Like the title says, it’s been such a long time since I made a new post. I think it’s been about seven or eight months! Sorry for my absence, there was a reason for that. To tell the truth during that time I didn’t study an ounce of Korean. I just want to say that this post is going to be more personal than about language learning, just so you know. I have been trying to avoid having to address this because I don’t like to admit when there’s something wrong. I was denying it myself at the time and I blamed my absence on books being too expensive, but that wasn’t the real reason. Continue reading
I recently ordered some books from abebooks, which I recieved about a week ago and among them was this book.
It’s a dictionary! My first physical Korean dictionary. Although I mostly rely on naver dictionary, I just wanted a dictionary that I could use incase we had a blackout again. My town has a lot of blackouts. We actually just came out of one a few days ago, and to make things worse I have been unable to connect to the internet for the last two weeks. I want to be prepared for next time so I’m not stuck just studying with my textbook. In that time I could also continue where I left off in twilight.
I haven’t used it yet, but it seems like a decent dictionary. My only gripe with it so far is that the korean-english side is organized using romanization. It does, however, use hangeul beside the individual words, so its still usable. I wasn’t expecting too much, since I only paided $3 for it. I’ll definetely review it when I get the chance to actually sit down and use it.
Summer is practically here, and that means I have loads of free time on my hand, yet again. I will mainly be focusing on my Korean listening skills and building up my Russian. Yes, I said Russian. I don’t know much Russian right now, I have just started a week ago, but I love it so far. What got me interested in Russian were authors such as Tolstoi, and infact I’m actually in the middle of reading the translation of Crime and Punishment(it’s a very good book). I thought that it would be nice if I could read the story in the original language, even if it would take a long time to get to that point. That coupled with the fact that it is cheaper than Korean. I won’t be buying anymore Korean books for a long time, because I feel like I waste too much money on shipping($30 for a tiny package not including the price of the book)! Looking back, I feel like I was ripped off, even though I understand that the labor involved in getting a package across the globe is intense, I just don’t feel as though I can afford to buy any solid Korean books anymore. So I will be working with what I have, which is a good thing, because I will be able to finally finish twilight and 도가니, and it will keep me busy for awhile.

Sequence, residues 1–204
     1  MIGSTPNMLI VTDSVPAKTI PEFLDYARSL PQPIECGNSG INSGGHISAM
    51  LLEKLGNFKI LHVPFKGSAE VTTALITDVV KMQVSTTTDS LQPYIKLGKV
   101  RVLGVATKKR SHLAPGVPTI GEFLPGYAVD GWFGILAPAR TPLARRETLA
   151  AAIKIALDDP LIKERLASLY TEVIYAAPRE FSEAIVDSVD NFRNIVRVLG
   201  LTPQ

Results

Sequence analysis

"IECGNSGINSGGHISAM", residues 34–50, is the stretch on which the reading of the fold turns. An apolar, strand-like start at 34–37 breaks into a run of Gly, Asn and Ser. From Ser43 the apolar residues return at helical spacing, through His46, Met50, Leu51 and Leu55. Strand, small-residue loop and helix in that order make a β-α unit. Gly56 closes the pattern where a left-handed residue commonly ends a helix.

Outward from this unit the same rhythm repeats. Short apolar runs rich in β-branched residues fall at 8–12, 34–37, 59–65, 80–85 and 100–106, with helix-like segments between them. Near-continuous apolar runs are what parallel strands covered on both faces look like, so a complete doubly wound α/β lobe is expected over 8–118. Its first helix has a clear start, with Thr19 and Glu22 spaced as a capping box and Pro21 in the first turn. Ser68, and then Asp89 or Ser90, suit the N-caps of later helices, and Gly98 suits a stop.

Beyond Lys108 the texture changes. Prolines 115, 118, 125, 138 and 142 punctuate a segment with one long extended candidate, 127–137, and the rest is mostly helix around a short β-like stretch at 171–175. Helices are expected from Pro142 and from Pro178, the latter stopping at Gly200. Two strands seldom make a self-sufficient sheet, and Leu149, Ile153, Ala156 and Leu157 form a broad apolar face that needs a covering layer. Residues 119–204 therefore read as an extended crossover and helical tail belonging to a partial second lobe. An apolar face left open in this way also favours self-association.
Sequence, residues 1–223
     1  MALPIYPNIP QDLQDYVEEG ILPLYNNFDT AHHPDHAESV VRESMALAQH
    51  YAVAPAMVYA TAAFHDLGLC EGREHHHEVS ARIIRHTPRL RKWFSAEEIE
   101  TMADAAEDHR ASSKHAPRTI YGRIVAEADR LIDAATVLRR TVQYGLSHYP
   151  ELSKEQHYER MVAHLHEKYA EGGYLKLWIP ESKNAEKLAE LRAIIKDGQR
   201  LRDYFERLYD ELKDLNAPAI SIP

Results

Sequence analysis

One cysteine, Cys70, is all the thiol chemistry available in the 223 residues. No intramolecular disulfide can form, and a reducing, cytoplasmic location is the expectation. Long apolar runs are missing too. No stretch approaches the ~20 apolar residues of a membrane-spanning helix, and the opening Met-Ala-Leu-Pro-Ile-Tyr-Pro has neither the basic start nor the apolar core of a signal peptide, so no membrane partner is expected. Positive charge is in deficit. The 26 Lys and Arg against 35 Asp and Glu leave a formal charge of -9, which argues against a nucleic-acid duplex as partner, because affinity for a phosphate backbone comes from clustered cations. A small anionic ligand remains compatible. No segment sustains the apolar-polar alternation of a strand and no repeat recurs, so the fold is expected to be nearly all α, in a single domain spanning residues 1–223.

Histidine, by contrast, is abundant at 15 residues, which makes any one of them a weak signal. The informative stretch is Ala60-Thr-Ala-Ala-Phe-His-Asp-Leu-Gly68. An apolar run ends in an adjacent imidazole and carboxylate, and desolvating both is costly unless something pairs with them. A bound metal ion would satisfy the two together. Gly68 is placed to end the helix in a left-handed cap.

Back to Russian, I have found many printed versions of classical literature and textbooks for a total of $3 including shipping! That’s something that is almost impossible to find for Korean, and I really only dabble in German at this point so I don’t have an active interest in the language itself, besides the interesting courses offered by DeutcheWelle.
Anyway, another reason why I am so excited to learning Russian is that I am also trying out a new method of forced output. I have made it a goal for me to post one thing in Russian on Lang-8 a day, and because I don’t want to end up spamming, it can’t be a half-assed добрый день(Good morning), I have to write real sentences like “I speak a little bit of Russian,” “I am 15, but I am about to turn 16,” and things of that nature. For this of course, I am not using a conventional textbook as a main source, since it would take me months before I would be able to say the following. So far I have been using pimsleur, lingq and importing the sentences from lingq into anki, which has been working better than expected. I learned almost all of the pronouns so far in two out of the six cases, basic conjugation of verbs, negation of verbs and nouns some word order, greetings and farewells all in a week! It’s crazy! If I was using a normal textbook I would only know how to say hello and have a vague sense of how to say “how are you.” So like I said, I am very excited to see where this all takes me. If it brings me to a higher level in reading, writing, and listening (maybe even speaking), then I will definitely transfer this method over to my Korean studies.
I have found that recently I have been pressuring myself to do things that I did not want to do, just because it would “improve” my Korean and German. Because of the fact that outside of pure pleasure, both of those languages are useless to me, I failed to do any of the things in which I told my self I “should” be doing. To be honest, for the past few weeks I have done close to nothing in either language due to this. From the moment I realised this, I knew I had to re-evaluate WHY I am learning Korean and German, especially Korean. Despite this fact, I have not been able to come to a conclusion until this evening in the form of a dialogue(almost like a self interview) that went something like this:
– First of all, before we address this issue, what EXACTLY do you like to do?
– I like sewing, reading, writing, researching things that I find interesting—